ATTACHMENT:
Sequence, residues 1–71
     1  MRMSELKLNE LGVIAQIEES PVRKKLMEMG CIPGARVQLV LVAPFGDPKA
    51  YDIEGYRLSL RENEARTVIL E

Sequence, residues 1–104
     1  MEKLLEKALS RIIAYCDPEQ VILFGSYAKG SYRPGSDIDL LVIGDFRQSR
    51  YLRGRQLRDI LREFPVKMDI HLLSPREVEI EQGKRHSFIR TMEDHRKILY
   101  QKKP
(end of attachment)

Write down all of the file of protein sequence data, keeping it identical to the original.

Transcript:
Sequence, residues 1–71
     1  MRMSELKLNE LGVIAQIEES PVRKKLMEMG CIPGARVQLV LVAPFGDPKA
    51  YDIEGYRLSL RENEARTVIL E

Sequence, residues 1–104
     1  MEKLLEKALS RIIAYCDPEQ VILFGSYAKG SYRPGSDIDL LVIGDFRQSR
    51  YLRGRQLRDI LREFPVKMDI HLLSPREVEI EQGKRHSFIR TMEDHRKILY
   101  QKKP